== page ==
Stroll through Rabat

The day begins with a visit to a coffee house in Temara. Here I meet my Moroccan-Dutch friend who is so often my translator of Moroccan culture. The beauty is that he also understands my Dutch hype and scribbles under the Moroccan sun.
Around us are mostly men, sometimes only with newspaper and their coffee, others have breakfast with each other or in anticipation of the other person that will come We create a football tournament from this coffee house. Of course we never start without the extensive greeting, talking about the family and friends, about what happened. And then my friend smiles when I can no longer control my impatience and switch to business. Laptop on my lap, telephones at hand and a noss noss (half coffee half milk) with a glass of water to complement the image. This coffee house is almost our workplace.
It is Friday morning and as it passes, the first movements start on the other side of the street around the mosque. Parking attendants gather around a woman who distributes food and drinks, they put on their vests and take their positions. Men roll out large carpets outside the mosque for the upcoming prayer. Beggars are waiting for the entrance to come. When the first people for prayer arrive I say goodbye and leave.
A nice time to stroll through our neighborhood in Rabat is after the Friday afternoon prayer when the Couscous meal is consumed and life slowly gets going again.
I walk past a guard house. Carton and plastic on the roof, he has glass windows where cardboard is put against, so that at night the cold gets through the windows less, but especially to hold out the light of the street lantern. The same thing I have seen our own guards do only I wonder how you can see something while you have to guard. Expat worries…
The door of this one is wide open. I get a beautiful look on the interior. Many guards have built a wooden floor in their cottage. So has this one. There are a number of blankets, which serve as a mattress and some extra blankets to sleep under and a pillow. Under this shelf are usually a one-burner stove, a tajine, a pan, a few plates (you have to be able to share) something that looks like a storage cupboard for herbs and food. Provisionally but ingeniously they usually drain electricity for lighting or a small heater. In addition, I see an extra pair of shoes, some clothes and some other items that undoubtedly come in handy every day. Artistic constructions are these guard houses, which are often no bigger than where guards stand upright in front of a palace. The renovation into sleeping and living space indicates how much time these men spend here to ensure that someone is always watching. The occupant of this guard house is a somewhat older man with a nicely coiled short silvery white beard and mustache. His hair is hidden under a cap. He himself is undoubtedly in a kind of half-sleep situation because of the good meal after the Friday afternoon prayer. I mumble Salam Aleikum, softly but audibly he greets me back. His eyes open for a moment and he smiles warmly.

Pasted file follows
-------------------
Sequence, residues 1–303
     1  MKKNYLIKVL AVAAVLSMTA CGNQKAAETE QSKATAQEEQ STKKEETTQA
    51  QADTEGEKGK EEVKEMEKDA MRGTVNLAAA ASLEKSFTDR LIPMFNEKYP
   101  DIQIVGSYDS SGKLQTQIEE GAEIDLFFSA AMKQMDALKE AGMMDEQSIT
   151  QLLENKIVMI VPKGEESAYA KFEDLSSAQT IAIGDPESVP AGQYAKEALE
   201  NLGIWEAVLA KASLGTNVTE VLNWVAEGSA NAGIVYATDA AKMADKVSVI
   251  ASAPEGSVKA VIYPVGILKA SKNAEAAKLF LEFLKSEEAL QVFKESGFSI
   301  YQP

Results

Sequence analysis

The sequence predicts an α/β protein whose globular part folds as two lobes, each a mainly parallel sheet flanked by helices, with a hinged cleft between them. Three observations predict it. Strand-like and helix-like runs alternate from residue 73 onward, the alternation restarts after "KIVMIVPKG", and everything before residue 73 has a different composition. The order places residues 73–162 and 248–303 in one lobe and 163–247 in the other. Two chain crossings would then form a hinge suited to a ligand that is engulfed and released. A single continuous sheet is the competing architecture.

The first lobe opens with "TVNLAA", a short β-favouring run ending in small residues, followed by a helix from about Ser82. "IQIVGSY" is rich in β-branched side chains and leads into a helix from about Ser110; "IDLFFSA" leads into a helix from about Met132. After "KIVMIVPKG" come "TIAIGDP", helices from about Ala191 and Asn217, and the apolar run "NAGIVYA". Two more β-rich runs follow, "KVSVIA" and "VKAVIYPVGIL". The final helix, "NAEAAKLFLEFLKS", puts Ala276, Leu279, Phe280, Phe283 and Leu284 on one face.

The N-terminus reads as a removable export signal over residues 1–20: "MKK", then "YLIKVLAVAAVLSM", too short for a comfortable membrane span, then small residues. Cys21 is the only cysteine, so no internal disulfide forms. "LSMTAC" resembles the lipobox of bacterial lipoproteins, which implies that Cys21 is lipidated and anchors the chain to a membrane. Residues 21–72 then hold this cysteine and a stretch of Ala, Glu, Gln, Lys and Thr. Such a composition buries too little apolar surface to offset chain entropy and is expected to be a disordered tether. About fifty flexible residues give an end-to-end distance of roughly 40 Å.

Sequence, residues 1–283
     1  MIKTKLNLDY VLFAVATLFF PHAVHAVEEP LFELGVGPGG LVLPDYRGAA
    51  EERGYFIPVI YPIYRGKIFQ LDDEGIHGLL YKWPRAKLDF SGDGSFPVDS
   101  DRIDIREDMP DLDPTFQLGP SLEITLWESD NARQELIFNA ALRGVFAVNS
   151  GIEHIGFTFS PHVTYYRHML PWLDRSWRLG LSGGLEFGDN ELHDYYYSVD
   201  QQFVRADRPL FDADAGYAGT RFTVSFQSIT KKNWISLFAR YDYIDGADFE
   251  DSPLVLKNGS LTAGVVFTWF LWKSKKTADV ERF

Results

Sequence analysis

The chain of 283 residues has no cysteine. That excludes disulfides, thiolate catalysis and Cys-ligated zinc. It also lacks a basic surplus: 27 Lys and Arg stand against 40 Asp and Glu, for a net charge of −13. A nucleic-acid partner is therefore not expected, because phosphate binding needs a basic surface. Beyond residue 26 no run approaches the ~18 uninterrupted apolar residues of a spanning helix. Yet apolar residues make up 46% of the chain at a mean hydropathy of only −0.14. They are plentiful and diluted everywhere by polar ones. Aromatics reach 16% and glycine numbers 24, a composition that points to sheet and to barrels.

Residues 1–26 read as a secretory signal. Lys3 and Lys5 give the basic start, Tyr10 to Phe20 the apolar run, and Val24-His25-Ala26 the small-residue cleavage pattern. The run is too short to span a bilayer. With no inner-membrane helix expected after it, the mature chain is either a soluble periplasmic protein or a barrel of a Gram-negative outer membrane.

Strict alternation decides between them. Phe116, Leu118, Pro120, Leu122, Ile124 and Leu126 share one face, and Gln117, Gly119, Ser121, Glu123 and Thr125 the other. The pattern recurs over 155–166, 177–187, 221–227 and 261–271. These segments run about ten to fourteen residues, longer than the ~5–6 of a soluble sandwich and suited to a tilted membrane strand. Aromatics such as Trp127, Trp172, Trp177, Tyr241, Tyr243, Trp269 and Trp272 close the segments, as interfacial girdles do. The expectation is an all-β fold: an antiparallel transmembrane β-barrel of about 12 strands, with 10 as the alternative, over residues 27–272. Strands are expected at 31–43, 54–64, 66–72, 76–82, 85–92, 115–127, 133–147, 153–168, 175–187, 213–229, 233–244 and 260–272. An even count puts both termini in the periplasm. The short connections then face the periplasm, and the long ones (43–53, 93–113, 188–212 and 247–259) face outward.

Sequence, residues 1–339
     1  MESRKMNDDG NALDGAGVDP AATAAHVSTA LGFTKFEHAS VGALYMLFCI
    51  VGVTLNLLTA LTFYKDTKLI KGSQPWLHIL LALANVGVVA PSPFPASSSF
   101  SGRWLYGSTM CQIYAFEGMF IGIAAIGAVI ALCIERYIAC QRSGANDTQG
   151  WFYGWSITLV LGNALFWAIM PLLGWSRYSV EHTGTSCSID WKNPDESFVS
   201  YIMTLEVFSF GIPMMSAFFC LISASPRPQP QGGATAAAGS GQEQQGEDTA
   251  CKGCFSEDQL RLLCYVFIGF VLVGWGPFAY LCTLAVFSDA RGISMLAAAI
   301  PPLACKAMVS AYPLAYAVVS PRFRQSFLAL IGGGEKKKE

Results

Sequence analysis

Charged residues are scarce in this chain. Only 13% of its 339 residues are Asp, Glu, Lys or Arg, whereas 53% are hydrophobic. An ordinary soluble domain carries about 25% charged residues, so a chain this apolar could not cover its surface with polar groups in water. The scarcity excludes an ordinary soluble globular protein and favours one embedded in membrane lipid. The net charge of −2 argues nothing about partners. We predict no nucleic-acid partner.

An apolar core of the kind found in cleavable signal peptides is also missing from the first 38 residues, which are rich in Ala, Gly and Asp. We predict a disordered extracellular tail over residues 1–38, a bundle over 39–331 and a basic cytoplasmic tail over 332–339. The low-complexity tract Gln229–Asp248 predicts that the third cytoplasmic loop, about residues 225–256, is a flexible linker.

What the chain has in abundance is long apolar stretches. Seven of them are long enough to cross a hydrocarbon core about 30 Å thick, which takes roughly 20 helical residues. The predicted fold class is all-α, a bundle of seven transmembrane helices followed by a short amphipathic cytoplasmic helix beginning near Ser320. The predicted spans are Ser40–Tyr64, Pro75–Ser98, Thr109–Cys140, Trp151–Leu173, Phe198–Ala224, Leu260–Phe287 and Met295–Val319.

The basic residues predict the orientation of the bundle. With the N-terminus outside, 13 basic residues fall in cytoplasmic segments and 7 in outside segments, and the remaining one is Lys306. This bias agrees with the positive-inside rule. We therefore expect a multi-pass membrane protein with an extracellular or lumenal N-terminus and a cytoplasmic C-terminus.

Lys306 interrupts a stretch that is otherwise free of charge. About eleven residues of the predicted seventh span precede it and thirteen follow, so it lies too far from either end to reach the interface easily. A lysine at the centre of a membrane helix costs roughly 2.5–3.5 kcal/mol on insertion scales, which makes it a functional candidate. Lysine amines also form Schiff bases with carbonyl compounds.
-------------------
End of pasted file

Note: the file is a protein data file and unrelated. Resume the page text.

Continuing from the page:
Our gardener will also be back again after he has changed into other clothes in our garage for prayer in the local mosque and then quietly takes the time to eat at a hanut or elsewhere. Steadily and undisturbed he cultivates the small garden around our house. Cheerful man.
In our neighborhood, working on constructions does not stand still. There is a big school under construction. December last year, I was standing on the football pitch looking over the fence at this adjoining construction site. At dusk, five men were praying on their prayer-rugs at the edge of the building site. Out of the adjoining temporary huts, men walked towards the praying group. Five men became eight, became twelve, became twenty men. The prayer went on in a monotonous rhythm and everyone joined in peace, after dressing and being washed. The dusk of darkness in which the men were only silhouettes for me gave the whole a mystical sight. While the men were busy warming up behind me, I kept looking.
These are some lost images, that mingle with memories, of a Friday in Rabat where wonder is giving way to being in the world as it presents itself here in Morocco.


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